US | 2015 | Directed by Ted Geoghegan
Logline: A couple, grieving the loss of their teenage son, move into a rural home not knowing it is haunted by vengeful spirits harboured by the townsfolk.
Haunted house movies are a dime a dozen, and most of them are about as scary as a prod on the arm in the middle of the day. But every now and again a director gets it bang on, or at least manages a half-decent atmosphere and a few cheap thrills. The haunted house’s cinema heyday was during the 70s and early 80s, a time when the clichés weren’t quite as hokey, the art direction was more authentic-looking, the music dripped with genuine Mooginess, and the special effects were all done with prosthetics and engineered in front of the camera.
The haunted house sceptre was brandished by the late, great Lucio Fulci, an Italian who drenched his movies in atmospherics and an oneiric sensibility. His presence - in particular The House by the Cemetery - is draped all over Ted Geoghegan’s feature debut, and it’s this element that shines darkest. Geoghagen is an established screenwriter now turning his talents to the camera, and his eye for the lingering moodiness is most apparent.
Anne (Barbara Crampton) and Paul (Andrew Sensenig) have moved into a creaky old two-storey home in the snow-laden wintery expanse of late 70s New England. Anne still feels the presence of her dead son, Bobby, close by, whilst Paul would rather pour himself another Scotch. Before some friends turn up for the weekend, their neighbours drop by for a howdy-doody. Dave (Monte Markham) and his wife Maddie (Susan McCabe) can’t help but mention the house’s dark history, the trouble and bloodshed, and then they’re on their way.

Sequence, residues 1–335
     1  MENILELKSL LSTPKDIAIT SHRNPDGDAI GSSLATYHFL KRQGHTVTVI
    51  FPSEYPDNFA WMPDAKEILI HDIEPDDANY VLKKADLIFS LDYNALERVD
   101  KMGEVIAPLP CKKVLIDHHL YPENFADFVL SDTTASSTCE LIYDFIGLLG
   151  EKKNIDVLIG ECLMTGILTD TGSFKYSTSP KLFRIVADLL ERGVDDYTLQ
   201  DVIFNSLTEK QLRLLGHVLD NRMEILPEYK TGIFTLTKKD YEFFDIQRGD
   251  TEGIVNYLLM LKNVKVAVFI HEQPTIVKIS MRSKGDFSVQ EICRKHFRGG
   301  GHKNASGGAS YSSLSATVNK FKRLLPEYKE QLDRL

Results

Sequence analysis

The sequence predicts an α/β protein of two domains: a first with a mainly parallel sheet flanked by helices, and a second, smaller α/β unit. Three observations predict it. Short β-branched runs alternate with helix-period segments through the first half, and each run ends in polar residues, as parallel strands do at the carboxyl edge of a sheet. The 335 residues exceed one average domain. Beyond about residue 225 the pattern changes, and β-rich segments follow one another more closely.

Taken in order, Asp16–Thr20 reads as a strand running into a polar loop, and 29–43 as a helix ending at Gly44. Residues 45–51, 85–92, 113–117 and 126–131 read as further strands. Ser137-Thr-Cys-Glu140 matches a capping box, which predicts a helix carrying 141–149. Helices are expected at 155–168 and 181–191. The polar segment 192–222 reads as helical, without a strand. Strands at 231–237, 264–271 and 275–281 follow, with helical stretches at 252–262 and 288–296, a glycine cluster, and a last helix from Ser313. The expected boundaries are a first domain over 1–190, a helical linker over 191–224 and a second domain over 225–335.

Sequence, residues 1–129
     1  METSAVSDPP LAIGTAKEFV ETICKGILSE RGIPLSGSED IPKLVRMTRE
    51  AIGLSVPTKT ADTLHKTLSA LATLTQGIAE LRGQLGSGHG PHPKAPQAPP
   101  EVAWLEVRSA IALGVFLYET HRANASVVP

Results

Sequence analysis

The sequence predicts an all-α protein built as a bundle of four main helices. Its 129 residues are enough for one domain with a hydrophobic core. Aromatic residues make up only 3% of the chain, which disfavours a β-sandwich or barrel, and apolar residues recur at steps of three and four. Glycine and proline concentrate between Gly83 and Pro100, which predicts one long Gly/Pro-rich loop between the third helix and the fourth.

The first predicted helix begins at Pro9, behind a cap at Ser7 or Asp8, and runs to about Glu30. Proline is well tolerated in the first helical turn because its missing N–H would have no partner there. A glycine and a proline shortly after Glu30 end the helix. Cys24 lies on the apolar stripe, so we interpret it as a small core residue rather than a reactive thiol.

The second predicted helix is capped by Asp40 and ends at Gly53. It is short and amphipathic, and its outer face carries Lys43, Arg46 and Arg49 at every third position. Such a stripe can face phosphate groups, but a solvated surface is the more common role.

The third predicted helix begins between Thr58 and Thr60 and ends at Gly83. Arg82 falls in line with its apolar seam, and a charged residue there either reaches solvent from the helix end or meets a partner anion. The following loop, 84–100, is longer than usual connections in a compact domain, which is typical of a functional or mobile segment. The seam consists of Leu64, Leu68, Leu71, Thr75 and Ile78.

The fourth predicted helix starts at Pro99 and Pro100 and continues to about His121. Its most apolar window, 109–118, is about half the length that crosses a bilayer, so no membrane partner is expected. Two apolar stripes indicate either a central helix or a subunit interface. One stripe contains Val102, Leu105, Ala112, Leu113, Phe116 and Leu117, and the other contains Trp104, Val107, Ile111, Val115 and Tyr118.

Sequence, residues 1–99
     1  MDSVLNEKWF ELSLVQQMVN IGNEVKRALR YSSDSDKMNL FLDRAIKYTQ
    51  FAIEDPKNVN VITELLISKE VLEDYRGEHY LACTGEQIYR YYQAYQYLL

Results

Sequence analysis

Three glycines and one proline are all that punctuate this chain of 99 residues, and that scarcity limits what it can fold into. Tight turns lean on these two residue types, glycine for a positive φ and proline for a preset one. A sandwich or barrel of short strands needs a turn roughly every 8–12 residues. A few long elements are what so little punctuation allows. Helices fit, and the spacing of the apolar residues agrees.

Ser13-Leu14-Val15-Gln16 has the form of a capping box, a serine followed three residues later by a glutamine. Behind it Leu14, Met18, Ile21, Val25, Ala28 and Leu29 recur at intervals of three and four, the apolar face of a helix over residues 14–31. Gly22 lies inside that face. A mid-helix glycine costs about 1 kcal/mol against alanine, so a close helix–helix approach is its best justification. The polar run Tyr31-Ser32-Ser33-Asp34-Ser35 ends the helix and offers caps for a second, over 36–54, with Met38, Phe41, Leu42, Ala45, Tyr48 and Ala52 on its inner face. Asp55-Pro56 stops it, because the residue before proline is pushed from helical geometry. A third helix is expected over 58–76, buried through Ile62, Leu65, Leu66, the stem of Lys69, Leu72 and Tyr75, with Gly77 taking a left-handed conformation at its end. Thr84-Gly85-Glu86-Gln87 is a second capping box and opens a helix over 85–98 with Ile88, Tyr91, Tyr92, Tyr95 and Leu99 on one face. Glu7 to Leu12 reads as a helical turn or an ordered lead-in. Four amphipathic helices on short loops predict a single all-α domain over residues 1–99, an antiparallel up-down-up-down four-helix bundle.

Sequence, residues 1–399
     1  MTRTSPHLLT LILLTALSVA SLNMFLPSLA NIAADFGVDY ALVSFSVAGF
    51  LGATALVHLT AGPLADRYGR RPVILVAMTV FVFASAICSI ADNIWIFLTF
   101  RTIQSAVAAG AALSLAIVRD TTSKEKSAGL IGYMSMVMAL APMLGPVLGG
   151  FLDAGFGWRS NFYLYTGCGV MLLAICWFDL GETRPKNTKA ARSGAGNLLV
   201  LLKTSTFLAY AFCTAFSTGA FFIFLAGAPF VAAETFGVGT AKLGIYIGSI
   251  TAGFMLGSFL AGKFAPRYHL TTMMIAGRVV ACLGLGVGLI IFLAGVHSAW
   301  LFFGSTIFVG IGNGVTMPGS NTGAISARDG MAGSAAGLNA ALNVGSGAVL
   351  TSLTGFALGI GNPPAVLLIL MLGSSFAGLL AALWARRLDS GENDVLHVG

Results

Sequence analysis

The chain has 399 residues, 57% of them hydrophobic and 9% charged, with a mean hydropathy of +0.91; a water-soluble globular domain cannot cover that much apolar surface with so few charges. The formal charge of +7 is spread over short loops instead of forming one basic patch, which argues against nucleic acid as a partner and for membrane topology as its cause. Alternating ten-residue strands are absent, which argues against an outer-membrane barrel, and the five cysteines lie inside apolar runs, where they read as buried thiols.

Jacob (horror indie veteran Larry Fessenden) and May (Lisa Marie - yes, that Lisa Marie) arrive. May is a medium, and Jacob is a stoner. Nice combo. Jacob’s son Harry (Michael Patrick Nicholson) and his girlfriend Daniella (Kelsea Dakota) are due to turn up too. The house needs the company.
Turns out the house wants more than just good conversation, it demands flesh and blood to sate its evil hunger, and it will burn like hell if it doesn’t get what it wants. Cue: Joe the electrician (Marvin Patterson) getting more than he bargained for when he turns up to check out the dodgy wiring. That basement isn’t hot because the boiler is playing up, that basement is hot because the embers of fury have been smoldering for thirty years and are ready to ignite once again.
I’m not entirely sure just how much humour Geoghegan intended to be plucked from his movie, but in the full cinema I watched it in the audience were at first sniggering with mirth and eventually hooting with hilarity. It became apparent that the retro elements of We Are Still Here were being devoured as unintentionally comedic, just as a modern audience unaccustomed to Fulci’s narrative and visual stylistics would probably receive his movies now.
We Are Still Here wasn’t the straight-as-an-arrow horror I was anticipating (like Ti West’s The House of the Devil), but after gauging the pitch black comic edge, and watching it with an appreciative full house, it was a most entertaining carnival ghost ride with some effective thrills and spills.